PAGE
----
News Stay informed about the latest enterprise technology news and product updates.

Great Little Utility Backs Up Bootable UFDs

USB Flash Drives — aka UFDs — represent one Windows install medium of choice nowadays, particularly on newer PCs with USB 3 ports when matched up with USB 3 rated flash drives. These speedy little storage devices can deliver a complete Windows 7 install in under 20 minutes, and I’ve been able to install various versions of Windows 8 even faster than that on occasion.

In fact, I’ve started to maintain bootable UFDs with install images for various Windows operating systems to make installation or VM creation as fast and easy as possible. I now have 32- and 64-bit bootable UFD images for Windows 7, Windows 7 SP1, Windows 8, and Windows 8.1 all squirreled away on one of my big 3.5″ SATA drives ready for use on relatively short notice. I used to use the Windows 7 USB DVD Download Tool to create such bootable UFDs using Windows OS .iso files, but have lately switched to the even better Rufus utility instead.

But with 8 images in all, and only 4 small-capacity USB 3.0 UFDs, I needed some way to rotate images to and from those UFDs on an as-needed basis. (FYI, I’ve got 2 Mushkin 8 GB, and 2 Corsair 16 GB UFDs for this purpose, because it’s a waste of space to dedicate anything bigger to such use, given that a complete install image for these OSes runs somewhere between 3 and 5 GB, before you start adding drivers or slip-streaming applications into that mix. My production Win8.1 image is about 9.57 GB as you’ll see in the following examples.)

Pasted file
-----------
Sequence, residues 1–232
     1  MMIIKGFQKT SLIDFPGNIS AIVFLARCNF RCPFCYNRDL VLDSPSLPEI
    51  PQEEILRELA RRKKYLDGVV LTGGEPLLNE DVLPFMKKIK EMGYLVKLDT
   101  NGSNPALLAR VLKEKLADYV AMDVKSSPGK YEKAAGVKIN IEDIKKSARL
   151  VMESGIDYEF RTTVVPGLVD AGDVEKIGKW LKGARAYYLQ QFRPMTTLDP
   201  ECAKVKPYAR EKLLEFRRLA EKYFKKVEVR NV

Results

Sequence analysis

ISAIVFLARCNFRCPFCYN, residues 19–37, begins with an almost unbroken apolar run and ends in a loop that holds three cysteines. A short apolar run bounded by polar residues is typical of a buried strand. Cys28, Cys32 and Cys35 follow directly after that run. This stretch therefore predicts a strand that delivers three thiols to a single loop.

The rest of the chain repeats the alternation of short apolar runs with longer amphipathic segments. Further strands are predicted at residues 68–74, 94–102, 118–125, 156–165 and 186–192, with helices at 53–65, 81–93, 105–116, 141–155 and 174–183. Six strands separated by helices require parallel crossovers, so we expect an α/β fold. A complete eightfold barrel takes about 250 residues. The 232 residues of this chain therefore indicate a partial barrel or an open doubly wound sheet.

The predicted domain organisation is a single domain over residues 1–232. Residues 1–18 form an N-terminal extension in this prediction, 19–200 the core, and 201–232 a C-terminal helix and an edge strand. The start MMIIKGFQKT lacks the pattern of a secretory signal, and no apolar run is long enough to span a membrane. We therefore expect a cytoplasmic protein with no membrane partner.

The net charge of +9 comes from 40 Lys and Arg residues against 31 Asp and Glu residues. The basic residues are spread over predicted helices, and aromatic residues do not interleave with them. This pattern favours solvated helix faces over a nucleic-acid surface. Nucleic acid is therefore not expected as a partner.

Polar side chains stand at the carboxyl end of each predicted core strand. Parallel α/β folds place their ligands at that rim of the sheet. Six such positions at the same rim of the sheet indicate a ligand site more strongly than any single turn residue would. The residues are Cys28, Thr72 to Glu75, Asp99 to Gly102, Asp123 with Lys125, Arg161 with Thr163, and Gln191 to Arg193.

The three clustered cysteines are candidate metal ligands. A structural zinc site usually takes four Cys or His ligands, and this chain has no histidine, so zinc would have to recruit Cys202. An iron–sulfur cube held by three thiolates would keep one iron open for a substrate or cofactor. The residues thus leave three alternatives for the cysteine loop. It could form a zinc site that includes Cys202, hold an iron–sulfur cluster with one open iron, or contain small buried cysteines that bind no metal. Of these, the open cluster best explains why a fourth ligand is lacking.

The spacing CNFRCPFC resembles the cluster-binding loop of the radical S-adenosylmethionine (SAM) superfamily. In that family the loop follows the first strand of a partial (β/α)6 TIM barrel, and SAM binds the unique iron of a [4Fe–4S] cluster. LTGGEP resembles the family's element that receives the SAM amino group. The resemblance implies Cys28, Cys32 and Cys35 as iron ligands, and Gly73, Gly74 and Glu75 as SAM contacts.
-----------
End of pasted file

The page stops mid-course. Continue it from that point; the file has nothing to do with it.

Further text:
Pick the UFD you want to back up or restore, then specify a source or destination, and you’re in business.

I discovered that Acronis True Image would make image backups from UFDs a couple of years ago and at first, took this approach to backing up and restoring UFD bootable images for Windows install work. Just recently, however, I discovered Alex Beug’s excellent USB Image Tool (Version 1.64 is the most recent implementation of this nice little “donationware” program). It’s extremely easy to use and works quite nicely. For a USB 2 scenario the program is significantly slower than USB 3: over 18 minutes versus under 6 minutes to back up 9.57 GB of data from my production Windows 8.1 UFD; and over 33 minutes to restore that same backup on USB 2 versus around 11 minutes on USB 3 (that’s because it takes longer to write to a UFD than it does to read from one).

For those Windows sysadmins who sometimes (or often) turn to fast UFDs for Windows installation, UB Image Tool is a very nice additions to one’s toolbox. If you do take advantage of this nice little utility, please do what I just did and send Alex a $2-5 donation (the price of a cup of good coffee, which I arbitrarily decided was 2 Euro in my case) to say “Thanks!” for his good work.

Start the conversation

Send me notifications when other members comment.

Please create a username to comment.